One of the big news stories from last year was the revelation that Americans are leaving their churches and religious institutions in droves. They are becoming "unaffiliated", although there was a lot of debate over what that meant. Are Americans losing religion, or is it simply that they are disillusioned with what they're being offered?
A new analysis, using data collected over the last three decades by the General Social Survey, sheds some light on this - and also tells us more about just who is religious in the USA these days. Some of the answers are quite surprising.
First a little bit about how they framed the questions on religion in the General Social Survey - it's not straightforward. First, they asked "what is your religious preference". Those who said "none" were counted as unaffiliated and weren't asked any further questions. Those who gave a religious preference were then asked how often they attended religious services and how strong was their faith.
So the data on strength of faith and religious attendance relate only to the dwindling number of people who are affiliated. That's important to remember.
The new analysis (Kevin Flannelly and colleagues from the Spears Research Institute, New York) confirmed that religious affiliation has dropped off over the years of the survey (since 1972). Now, you might think that this happens because those who are lukewarm in their religion have dropped out. If that were so, then the average 'religious strength' of those left in would go up.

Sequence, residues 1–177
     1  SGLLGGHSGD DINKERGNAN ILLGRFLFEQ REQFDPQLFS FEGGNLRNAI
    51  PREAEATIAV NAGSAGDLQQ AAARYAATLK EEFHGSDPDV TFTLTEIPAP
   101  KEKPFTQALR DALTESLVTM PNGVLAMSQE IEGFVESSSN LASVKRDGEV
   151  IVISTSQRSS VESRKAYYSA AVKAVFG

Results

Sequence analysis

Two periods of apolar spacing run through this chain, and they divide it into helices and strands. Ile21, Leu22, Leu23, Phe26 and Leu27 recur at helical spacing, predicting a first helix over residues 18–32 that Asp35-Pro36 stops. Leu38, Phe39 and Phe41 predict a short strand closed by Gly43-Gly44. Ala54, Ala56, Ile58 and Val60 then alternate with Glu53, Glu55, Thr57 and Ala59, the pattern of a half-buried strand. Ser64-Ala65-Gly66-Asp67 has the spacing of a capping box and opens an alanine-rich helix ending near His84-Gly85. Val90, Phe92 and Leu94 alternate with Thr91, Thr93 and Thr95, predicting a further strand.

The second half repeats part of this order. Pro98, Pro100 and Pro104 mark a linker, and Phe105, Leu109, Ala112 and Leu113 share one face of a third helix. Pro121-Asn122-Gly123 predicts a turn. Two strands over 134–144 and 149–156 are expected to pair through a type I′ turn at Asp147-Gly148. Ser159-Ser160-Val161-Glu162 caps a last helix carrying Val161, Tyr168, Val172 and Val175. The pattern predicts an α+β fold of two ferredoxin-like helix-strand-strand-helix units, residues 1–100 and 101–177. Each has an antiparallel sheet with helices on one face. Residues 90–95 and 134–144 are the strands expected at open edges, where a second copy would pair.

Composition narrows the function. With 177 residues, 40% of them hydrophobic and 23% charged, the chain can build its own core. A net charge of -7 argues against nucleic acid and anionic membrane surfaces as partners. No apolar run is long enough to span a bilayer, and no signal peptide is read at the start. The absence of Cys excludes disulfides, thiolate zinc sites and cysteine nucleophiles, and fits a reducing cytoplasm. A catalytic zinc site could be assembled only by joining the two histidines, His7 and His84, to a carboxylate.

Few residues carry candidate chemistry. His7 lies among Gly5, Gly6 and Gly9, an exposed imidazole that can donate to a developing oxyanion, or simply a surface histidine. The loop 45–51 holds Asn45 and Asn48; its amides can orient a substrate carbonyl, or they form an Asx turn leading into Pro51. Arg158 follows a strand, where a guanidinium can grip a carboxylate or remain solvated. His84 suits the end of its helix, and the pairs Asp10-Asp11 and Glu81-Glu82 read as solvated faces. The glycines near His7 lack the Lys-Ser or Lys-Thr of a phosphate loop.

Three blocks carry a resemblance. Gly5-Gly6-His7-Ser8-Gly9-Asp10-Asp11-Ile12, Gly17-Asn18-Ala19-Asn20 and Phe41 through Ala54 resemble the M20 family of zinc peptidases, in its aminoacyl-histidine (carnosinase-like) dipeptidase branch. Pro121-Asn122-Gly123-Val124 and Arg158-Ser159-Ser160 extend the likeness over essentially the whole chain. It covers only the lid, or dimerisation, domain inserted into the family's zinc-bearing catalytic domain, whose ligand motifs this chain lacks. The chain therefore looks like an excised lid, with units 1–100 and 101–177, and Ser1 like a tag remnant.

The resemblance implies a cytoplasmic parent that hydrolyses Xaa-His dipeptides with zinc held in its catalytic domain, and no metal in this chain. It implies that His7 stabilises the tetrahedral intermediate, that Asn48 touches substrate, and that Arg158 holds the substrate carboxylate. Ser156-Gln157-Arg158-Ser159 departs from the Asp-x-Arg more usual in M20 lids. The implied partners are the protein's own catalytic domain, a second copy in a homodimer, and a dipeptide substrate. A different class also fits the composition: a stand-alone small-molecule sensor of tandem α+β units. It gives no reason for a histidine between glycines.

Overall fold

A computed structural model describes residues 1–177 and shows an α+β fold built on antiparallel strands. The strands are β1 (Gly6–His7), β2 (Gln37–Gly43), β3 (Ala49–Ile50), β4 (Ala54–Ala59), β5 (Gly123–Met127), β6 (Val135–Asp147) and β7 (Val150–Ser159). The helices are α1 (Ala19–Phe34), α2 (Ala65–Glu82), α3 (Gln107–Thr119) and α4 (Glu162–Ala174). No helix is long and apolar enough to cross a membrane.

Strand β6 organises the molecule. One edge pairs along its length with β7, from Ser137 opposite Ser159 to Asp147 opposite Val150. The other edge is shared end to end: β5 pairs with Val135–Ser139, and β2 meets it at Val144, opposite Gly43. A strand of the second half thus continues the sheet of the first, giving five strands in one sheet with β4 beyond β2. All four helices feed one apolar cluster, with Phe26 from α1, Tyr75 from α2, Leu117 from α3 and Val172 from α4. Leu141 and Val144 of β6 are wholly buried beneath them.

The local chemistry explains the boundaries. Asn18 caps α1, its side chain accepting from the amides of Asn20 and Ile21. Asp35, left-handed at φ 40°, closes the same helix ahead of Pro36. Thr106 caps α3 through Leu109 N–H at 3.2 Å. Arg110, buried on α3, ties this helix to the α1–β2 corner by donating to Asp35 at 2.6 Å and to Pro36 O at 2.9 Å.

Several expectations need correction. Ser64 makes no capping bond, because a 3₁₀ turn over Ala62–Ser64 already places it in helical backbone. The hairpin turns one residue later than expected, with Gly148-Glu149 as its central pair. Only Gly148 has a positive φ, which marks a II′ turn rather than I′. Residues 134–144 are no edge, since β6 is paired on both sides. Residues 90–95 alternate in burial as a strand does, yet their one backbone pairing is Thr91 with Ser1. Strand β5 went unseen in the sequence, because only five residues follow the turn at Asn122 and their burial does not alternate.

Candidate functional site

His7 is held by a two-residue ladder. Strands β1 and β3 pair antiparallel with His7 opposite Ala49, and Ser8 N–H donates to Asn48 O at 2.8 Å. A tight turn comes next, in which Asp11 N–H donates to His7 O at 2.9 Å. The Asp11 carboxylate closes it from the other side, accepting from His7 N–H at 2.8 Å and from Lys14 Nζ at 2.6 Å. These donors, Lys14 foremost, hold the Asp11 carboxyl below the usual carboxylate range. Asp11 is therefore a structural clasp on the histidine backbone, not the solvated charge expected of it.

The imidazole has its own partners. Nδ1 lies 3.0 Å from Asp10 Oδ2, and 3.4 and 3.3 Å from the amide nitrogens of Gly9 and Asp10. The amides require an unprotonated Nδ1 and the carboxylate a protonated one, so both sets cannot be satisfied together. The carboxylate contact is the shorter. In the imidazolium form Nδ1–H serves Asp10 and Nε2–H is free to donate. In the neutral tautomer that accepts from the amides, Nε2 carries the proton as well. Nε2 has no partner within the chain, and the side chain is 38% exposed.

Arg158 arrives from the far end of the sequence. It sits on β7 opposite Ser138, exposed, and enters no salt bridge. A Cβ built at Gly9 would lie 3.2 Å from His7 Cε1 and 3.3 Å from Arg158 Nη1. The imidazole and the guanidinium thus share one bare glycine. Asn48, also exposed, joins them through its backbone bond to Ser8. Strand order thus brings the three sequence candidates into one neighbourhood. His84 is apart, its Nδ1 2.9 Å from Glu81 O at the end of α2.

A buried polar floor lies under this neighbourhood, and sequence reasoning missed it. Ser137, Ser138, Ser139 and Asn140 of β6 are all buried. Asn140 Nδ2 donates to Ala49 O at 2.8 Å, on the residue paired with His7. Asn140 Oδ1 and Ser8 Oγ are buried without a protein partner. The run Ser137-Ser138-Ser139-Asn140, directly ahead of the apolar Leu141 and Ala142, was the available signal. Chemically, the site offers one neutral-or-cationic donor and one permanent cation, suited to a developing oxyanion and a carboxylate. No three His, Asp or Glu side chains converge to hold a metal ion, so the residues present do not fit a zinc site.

In fact, that hasn't happened. Even those still affiliated to a religious faith go to services less often than they used to. And people still in religion are no more fervent than the religious of 30 years ago.
But there are some interesting differences between the affiliated and the non affiliated. For example, the unaffiliated are, on average, better educated than the affiliated. Yet, among the affiliated, the better-educated actually have stronger faith and go to Church more often.
Perhaps that's because those educated people who remain in religion do so as an active choice.
It works the opposite way around for income. After adjusting for all the other factors, richer people are more likely to be affiliated. However, among the affiliated, wealth means weaker faith.
The last anomaly is children. Previous research suggests that religious people tend to have more children than the non-religious. And, indeed, this new research shows that the unaffiliated have fewer children than the affiliated. But, among the affiliated, those with stronger religious faith actually have fewer children those whose faith is weaker.
Now, the effect is tiny. However, it does suggest something interesting about the connection between religion and fertility. It suggests that families join (or remain in) a religion for the religious congregations - a social structure in which to raise their children - rather any particular religious zeal.
It's the classic demonstration of the difference between being religious and being believer.
Flannelly KJ, Galek K, Kytle J, & Silton NR (2010). Religion in America--1972-2006: religious affiliation, attendance, and strength of faith. Psychological reports, 106 (3), 875-90 PMID: 20712176
This article by Tom Rees was first published on Epiphenom. It is licensed under Creative Commons.
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